Goldfish and koi expert Peter Ponzio >

Finnage in Goldfish

by Peter Ponzio, Illinois USA
Click images to enlarge

Photo courtesy of
Chinese Goldfish by Tetra
The primary purpose of fins in goldfish is for swimming and orientation in the water. The earliest goldfish, which were derived from the carp family, had fairly simple fins that were used primarily for mobility. The picture at the left shows a common goldfish with simple fins that are used for swimming motions associated with food capture, flight from predators and moving about in the water. 

The most obvious departure from this standard fin configuration is the absence of the dorsal fin in some fish varieties, which was almost certainly the result of a natural mutation. In his book, The Goldfish Guide, Dr. Matsui notes that natural mutations, such as the lack of a dorsal fin, can be found in nature, as well as in controlled spawns of fish.

Egg-fish with narial bouquets
The first dorsal-less fish that was selectively bred was the egg-fish. The egg-fish lacked a dorsal fin, and a developed a modified body shape, which gave rise to its name. Initially, dorsal-less fish may have possessed a single tail fin, which would have impeded swimming motion. Gradually, these fish developed a split tail fin, which enabled them to swim better. Egg-fish are still seen, as pictured at the left.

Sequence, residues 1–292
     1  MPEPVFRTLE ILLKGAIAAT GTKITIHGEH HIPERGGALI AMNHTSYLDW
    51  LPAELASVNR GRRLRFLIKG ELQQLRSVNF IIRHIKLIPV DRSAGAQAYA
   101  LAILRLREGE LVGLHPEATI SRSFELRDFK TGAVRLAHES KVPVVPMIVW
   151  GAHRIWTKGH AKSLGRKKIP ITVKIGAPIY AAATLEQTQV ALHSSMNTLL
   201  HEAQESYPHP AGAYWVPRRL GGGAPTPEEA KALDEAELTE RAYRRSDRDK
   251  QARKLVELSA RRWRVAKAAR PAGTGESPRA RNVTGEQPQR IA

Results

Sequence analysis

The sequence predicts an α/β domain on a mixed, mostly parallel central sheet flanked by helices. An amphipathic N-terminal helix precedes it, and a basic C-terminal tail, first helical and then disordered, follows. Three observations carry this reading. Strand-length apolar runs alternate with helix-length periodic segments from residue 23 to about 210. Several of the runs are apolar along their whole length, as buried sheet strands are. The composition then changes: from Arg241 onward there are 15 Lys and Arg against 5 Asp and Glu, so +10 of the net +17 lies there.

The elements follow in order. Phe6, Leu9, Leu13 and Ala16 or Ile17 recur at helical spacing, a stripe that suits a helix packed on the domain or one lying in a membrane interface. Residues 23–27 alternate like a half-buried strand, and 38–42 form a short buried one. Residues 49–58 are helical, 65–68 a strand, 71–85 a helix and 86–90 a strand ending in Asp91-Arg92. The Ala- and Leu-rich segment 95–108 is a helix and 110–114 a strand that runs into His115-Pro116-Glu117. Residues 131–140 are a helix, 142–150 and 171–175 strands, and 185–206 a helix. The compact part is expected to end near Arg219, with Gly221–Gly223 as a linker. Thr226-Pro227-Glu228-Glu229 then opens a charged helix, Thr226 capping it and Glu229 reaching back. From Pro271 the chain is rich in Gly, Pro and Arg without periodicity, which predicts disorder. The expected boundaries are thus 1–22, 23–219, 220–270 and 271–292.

An early derivative of the egg-fish is the Phoenix. These fish also lack a dorsal fin, but the remaining fins are greatly elongated. As with the egg-fish, the Phoenix possesses a double tail fin.

Phoenix, showing elongated fins

At some point in time, dorsal-less fish were produced with head-growth. The head-growth was also likely a natural mutation, and Dr. Matsui gives examples of common goldfish which have produced the head-growth mutation. The fish dorsal-less fish with head-growth is the Lionhead, which was produced in China. 

The Lionhead has a stout body, similar to that of a Phoenix, along with a characteristic head-growth, which resembles a raspberry. In well-developed specimens, the head-growth covers the top of the head, the cheeks, and the gill plates. The picture at the right shows a well-developed Lionhead with a full head-growth. 

 Red & Black Lionhead, from Goldfish in China >

When Lionhead and Ranchu were first introduced into the US, they were identified as the same fish. This caused confusion in the goldfish hobby, since it is obvious that these fish are different. The differences in the two types of fish can be summarized as follows:

• Lionhead have a fuller head-growth than Ranchu
• The back profile of the Lionhead is straight, whereas the back profile of the Ranchu is curved
• The tail attaches to the Lionhead at a straight angle to the body, whereas the tail on the Ranchu attaches at a forty-five degree angle